Sergeant Major A. Jack’s note entitled “THE GAS ATTACK, 1st
“As to our disastrous gas attack (planned as a raid) on March 1, 1917, let me say that I was not in the attack, having been detailed for other duties by Major Lucas, my company commander. (Whether intentionally or not Major Lucas’s ordering Alec to other duties likely saved Alec’s life.*). Nor did I witness the truce incident. However, my recollection of the happening, as described to me at the time, is as follows:-Shortly after daybreak and following the cessation of the fighting an unarmed German officer emerged from their line trench and came toward our line-about 150 yards distant-under a flag of truce(I think a white flag). He called for a Canadian officer to meet and confer with him. We had no senior officer left in the front line and our representative must have been a very junior officer. Thus he must almost certainly have referred the proposal of truce, as made by the German officer, to Battalion HQ. Possibly it was General Watson who sanctioned the truce, I do not know.
I recall that Lieutenant Joe T. Smeeton was one officer who was concerned with the truce. He wore his revolver when he went out into No Man’s Land and was requested by the German to go back and disarm. It may have been Smeeton who actually met the German officer mentioned.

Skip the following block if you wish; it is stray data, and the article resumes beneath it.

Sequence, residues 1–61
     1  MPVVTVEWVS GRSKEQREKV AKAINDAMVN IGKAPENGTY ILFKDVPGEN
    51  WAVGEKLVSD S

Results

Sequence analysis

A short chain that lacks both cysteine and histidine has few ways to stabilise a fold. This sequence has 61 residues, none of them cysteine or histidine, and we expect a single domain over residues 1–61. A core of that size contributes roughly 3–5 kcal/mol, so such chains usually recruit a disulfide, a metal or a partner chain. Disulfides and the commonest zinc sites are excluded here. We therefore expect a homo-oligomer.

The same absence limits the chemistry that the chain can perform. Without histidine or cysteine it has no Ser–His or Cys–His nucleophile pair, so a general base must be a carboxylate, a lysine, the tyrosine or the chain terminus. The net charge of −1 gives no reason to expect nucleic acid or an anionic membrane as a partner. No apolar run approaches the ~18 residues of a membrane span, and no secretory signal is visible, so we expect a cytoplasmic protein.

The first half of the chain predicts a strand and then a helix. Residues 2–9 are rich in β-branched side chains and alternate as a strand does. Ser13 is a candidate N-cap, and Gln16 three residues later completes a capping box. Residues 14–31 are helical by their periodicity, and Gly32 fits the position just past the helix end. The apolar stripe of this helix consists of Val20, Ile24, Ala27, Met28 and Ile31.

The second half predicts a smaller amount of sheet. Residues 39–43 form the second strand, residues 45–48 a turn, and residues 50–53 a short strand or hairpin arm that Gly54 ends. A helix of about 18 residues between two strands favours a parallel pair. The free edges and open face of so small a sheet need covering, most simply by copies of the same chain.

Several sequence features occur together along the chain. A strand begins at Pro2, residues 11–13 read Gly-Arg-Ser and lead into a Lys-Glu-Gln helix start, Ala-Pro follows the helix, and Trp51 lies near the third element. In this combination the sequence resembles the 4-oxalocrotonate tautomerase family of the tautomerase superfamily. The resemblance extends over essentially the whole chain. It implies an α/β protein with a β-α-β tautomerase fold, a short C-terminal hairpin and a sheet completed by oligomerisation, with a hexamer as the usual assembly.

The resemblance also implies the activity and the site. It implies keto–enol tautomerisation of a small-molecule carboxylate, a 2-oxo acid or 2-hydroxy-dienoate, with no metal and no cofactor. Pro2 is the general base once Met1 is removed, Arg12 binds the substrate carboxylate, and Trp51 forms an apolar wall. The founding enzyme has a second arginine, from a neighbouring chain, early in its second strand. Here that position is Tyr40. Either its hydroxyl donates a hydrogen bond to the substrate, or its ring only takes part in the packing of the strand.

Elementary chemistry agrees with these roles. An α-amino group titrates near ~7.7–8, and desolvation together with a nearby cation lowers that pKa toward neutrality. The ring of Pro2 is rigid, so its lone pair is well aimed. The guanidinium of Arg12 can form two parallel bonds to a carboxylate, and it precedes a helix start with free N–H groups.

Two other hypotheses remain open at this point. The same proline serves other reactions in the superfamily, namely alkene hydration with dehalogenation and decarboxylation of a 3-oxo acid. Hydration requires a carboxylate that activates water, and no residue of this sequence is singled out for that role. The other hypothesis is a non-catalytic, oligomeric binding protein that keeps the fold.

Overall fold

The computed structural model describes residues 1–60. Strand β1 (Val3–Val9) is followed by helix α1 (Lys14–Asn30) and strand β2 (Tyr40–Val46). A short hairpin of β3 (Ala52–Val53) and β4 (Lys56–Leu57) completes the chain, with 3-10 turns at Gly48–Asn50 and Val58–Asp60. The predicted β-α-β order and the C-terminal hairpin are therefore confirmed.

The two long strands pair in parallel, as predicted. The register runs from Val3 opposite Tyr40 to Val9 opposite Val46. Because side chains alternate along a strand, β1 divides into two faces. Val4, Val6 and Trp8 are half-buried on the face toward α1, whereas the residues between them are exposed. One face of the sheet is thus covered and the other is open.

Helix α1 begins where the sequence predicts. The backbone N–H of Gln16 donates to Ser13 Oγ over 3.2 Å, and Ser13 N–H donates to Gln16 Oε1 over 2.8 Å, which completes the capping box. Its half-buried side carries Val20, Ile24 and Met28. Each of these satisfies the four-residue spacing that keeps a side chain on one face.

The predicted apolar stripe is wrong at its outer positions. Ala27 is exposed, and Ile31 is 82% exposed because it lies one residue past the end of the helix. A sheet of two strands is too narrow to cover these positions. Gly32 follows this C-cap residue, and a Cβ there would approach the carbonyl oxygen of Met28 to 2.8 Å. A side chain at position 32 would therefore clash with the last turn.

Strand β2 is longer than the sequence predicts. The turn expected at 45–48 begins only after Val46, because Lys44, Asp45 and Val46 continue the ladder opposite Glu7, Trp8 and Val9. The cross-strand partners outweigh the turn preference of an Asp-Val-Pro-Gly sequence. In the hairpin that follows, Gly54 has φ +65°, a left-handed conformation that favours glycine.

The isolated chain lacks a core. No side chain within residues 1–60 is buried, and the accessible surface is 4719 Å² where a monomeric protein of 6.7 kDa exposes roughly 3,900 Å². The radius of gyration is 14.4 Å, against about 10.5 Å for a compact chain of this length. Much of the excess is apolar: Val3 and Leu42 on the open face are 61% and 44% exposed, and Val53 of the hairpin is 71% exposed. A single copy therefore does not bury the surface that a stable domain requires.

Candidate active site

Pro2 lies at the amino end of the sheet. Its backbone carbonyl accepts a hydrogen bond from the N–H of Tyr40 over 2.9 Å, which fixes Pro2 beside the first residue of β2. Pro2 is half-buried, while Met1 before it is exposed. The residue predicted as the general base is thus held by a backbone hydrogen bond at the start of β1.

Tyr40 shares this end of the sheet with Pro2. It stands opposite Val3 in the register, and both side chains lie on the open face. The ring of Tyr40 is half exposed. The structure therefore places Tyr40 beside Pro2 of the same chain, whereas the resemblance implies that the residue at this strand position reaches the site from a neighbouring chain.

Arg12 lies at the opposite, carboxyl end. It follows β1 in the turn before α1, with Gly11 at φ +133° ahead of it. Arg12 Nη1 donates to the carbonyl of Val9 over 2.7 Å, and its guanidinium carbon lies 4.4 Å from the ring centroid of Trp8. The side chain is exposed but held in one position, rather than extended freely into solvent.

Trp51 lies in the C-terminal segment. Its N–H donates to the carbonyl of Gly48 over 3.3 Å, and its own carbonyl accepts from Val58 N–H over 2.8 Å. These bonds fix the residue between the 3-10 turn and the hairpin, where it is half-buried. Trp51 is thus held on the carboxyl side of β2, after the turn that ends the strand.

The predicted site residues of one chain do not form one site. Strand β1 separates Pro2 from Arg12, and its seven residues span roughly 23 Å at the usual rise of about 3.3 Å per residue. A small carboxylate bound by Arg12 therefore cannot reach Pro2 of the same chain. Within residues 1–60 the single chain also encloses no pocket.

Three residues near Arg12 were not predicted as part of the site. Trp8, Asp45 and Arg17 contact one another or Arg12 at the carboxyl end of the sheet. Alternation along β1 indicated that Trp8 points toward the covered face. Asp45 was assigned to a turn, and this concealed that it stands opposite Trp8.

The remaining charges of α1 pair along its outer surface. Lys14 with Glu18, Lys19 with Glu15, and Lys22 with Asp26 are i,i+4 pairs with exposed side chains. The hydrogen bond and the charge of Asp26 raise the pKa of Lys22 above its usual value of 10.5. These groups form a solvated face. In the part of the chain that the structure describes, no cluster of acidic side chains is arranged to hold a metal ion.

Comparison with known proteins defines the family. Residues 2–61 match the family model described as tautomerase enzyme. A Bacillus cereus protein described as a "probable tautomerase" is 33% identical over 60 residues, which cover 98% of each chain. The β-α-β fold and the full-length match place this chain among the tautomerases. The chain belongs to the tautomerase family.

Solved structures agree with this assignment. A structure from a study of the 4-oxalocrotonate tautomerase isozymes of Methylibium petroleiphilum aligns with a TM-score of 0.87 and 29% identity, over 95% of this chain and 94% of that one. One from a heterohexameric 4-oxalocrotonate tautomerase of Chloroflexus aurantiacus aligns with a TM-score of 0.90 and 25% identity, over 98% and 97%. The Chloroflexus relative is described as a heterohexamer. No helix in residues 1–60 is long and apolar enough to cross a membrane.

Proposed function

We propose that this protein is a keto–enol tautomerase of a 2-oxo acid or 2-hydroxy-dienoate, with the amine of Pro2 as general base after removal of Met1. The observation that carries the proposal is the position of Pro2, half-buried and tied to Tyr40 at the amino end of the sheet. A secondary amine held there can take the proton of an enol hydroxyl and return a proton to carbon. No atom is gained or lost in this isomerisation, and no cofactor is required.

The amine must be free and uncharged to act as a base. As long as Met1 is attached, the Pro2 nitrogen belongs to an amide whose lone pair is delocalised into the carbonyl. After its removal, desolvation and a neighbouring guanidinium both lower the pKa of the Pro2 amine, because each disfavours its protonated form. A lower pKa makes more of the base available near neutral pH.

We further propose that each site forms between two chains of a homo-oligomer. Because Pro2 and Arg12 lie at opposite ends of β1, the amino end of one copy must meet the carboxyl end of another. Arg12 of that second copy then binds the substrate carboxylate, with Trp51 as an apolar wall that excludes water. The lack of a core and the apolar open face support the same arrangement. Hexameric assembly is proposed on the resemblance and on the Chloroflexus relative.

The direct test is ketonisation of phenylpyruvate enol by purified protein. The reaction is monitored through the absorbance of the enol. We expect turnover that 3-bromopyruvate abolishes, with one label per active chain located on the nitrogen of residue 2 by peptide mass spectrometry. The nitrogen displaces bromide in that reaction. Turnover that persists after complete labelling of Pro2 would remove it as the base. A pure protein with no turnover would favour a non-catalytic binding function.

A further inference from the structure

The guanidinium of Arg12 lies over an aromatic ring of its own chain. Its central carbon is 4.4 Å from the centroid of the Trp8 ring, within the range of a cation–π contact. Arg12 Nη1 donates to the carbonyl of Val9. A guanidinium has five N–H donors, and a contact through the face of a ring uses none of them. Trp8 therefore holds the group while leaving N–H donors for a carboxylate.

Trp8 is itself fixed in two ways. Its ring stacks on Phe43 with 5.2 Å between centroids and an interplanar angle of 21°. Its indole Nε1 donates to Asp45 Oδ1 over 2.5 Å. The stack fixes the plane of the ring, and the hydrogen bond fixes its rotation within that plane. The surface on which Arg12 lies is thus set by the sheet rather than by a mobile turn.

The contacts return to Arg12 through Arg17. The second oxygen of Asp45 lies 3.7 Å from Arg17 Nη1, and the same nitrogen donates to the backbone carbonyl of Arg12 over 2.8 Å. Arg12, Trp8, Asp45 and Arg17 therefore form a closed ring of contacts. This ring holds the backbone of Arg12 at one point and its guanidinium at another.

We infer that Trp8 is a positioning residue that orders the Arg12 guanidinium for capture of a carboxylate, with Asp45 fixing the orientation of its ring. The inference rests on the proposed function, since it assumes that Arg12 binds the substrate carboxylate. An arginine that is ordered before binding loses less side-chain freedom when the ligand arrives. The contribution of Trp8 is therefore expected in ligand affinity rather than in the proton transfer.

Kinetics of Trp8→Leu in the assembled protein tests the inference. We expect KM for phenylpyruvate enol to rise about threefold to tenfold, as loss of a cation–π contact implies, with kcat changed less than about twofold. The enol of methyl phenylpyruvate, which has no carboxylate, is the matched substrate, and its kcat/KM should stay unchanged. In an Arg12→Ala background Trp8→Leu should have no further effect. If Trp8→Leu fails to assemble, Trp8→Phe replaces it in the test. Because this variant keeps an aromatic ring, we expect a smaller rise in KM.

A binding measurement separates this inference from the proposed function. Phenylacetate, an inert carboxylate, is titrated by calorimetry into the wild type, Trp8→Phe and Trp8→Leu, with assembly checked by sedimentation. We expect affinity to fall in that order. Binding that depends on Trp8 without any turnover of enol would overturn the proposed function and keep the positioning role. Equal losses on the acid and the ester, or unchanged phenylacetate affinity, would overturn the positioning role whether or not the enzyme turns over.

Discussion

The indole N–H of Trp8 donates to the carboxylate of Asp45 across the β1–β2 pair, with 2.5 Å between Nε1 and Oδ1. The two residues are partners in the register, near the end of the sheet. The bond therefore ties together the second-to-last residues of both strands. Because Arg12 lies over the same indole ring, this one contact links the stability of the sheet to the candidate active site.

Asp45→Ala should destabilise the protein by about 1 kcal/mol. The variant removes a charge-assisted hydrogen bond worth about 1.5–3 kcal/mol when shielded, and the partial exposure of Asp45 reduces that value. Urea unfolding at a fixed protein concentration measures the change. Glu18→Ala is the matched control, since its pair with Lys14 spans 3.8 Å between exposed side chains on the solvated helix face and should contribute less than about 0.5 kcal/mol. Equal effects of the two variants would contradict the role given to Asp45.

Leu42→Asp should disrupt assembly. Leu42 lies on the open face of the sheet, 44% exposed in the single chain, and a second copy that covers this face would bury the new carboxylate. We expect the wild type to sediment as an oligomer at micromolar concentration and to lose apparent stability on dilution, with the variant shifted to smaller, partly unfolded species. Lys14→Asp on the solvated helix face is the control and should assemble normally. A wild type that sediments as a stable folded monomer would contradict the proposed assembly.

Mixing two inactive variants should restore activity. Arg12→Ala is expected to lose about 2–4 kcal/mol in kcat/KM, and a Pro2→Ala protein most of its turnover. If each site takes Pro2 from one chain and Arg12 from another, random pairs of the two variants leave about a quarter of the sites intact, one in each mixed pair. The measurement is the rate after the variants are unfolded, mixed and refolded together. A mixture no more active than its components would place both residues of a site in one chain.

The truce having being arranged, a party of German soldiers, all fine big strapping fellows, obviously picked men(dressed in new clean uniforms*), went to work and carried our dead half-way across No Man’s Land where our men took over and packed them back to our lines. I do not recall whether or not the wounded were handled similarly.
I remember hearing an address given by a Staff Officer some days before March 1, 1917 and relating to the attack. He told us that the gas to be “sent over” was so effective that rifles, mortars, and forward field guns in the German area would be rendered useless (by instant corrosion or something of the kind) and of course there would be no opposition as the German garrison would all be dead. The battalions mission was to destroy dugouts and other installations, take identifications of the dead troops and then retire to our own line. We were pretty green, weren’t we?”